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Screen Test: Five Frustrating Infotainment In-Car Interfaces Page 4

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2013 Lexus ES 350

2013 Lexus ES 350

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Lexus Remote Touch

We're conflicted about this one, honestly. Perhaps in a nod to the older crowd that tends to consider the brand, Lexus has set up its Remote Touch system to be about as close to a simplified desktop computer as you'll find in a car. The screen uses a simple, understandable menu system, nice large fonts and boxes, and takes advantage of color. And several of our editorial team do appreciate how the system has haptic feedback, allowing you to feel a little pull (or click) as you go from one screen option or area to another. Yet several of us see this system as one of the most frustrating of all, because even after you 'learn' the system you still need to keep an eye on the screen—and off the road—whenever making a selection.

2012 Audi A8 L 4-door Sedan Audio System

2012 Audi A8 L 4-door Sedan Audio System

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Audi MMI

An editor called the latest iteration of Audi's Multi-Media Controller (MMI), now used throughout much of the lineup, “half-brilliant, half-assed,” and much of our staff agrees. While we love the beautiful, very functional Google Earth maps and wide-screen displays, and the very cool scratch pad that lets you trace out letters for destination input, we find the structure of its menus—and how there aren't just easy, ever-present shortcuts, presets, or bookmarks for frequent tasks—frustrating once you get to use the system more.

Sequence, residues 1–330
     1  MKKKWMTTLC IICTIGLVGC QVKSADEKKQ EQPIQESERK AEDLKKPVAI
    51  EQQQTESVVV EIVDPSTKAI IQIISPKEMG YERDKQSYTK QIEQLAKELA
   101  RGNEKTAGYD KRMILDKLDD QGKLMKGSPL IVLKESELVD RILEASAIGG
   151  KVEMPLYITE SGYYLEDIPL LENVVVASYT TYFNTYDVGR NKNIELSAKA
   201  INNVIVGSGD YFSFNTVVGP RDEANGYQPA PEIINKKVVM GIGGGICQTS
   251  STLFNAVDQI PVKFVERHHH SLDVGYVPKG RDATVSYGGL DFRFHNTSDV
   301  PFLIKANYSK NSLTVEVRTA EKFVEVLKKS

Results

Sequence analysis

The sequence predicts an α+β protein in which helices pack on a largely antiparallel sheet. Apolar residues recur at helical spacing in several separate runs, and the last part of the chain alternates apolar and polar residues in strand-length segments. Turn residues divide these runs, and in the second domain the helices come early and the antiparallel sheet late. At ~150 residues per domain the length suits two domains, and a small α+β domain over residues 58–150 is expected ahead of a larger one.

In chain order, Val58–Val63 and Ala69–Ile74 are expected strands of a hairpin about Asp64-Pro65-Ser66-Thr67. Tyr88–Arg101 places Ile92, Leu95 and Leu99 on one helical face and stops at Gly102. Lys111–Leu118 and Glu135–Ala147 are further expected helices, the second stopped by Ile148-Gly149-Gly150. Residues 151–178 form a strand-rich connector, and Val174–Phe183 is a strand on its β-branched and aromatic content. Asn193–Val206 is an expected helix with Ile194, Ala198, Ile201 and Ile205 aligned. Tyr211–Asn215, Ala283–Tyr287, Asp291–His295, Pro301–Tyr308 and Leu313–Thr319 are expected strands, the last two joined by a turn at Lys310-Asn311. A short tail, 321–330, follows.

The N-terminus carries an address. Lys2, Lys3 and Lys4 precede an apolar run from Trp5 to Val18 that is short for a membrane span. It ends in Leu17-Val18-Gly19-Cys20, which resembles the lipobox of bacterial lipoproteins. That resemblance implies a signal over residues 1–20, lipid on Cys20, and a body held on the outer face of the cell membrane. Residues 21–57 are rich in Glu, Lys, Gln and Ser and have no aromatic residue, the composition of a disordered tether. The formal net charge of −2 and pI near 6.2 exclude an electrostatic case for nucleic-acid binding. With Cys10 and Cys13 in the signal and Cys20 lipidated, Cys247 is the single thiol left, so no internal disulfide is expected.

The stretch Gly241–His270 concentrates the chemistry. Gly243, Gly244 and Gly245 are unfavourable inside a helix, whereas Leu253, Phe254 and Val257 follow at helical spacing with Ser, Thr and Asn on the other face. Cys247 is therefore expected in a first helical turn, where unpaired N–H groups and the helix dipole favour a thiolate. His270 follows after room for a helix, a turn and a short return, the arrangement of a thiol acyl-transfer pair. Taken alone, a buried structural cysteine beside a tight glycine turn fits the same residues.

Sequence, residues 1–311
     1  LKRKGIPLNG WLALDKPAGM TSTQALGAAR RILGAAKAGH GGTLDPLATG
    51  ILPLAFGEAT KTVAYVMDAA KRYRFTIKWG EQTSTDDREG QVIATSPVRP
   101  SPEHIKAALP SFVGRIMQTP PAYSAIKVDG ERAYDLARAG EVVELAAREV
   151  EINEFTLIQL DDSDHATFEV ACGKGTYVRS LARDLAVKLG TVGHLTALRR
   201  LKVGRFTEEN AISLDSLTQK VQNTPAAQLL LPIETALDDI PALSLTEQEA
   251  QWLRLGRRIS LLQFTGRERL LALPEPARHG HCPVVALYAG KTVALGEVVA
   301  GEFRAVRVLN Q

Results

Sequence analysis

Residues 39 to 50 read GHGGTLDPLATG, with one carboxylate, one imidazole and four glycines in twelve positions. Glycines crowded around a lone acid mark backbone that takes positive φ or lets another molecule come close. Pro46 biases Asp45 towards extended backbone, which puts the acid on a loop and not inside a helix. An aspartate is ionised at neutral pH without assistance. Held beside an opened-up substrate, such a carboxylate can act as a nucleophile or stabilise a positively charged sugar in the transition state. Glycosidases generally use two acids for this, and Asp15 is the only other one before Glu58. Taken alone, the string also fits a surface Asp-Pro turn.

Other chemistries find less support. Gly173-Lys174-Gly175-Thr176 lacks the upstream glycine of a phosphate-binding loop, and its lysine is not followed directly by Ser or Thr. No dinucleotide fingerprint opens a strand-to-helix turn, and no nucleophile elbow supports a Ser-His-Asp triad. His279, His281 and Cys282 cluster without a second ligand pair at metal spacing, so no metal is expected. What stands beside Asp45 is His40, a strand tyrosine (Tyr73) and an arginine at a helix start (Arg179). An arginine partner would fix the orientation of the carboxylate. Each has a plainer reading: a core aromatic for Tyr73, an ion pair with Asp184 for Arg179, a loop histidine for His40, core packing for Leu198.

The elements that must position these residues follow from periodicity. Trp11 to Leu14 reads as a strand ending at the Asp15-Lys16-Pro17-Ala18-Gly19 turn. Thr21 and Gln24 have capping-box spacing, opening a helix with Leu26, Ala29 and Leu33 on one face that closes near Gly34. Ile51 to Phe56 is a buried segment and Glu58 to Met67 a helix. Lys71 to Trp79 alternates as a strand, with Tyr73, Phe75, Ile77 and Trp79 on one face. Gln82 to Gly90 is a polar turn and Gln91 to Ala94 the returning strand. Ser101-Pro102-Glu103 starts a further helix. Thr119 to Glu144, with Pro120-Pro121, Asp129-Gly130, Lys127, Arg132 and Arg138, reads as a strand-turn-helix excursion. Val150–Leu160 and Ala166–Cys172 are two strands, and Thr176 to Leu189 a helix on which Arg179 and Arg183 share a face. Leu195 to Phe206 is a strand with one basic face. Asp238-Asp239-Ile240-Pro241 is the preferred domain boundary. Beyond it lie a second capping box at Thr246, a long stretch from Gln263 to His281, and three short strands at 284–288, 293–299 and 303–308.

“The Germans, as a group, have decided we're too dumb for touchscreens,” commented another editor. “There's physically no way to shortcut the knob interface and hard keys.”

2014 Mazda Mazda6

2014 Mazda Mazda6

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Mazda TomTom Navigation

In an affordable car, the new Mazda system was the most frustrating system of any we've recently encountered. The top-level infotainment system in the new 2014 Mazda6 and CX-5 pairs TomTom navigation with integration for hands-free calling, media and satellite radio, and even Pandora music integration, provided you've installed the app on an iPhone or other approved handset. But maps and menus are laggy, voice controls are extremely limited, and the central-console controller, while it looks great, ends up feeling like an underdelivering iDrive knockoff.


 
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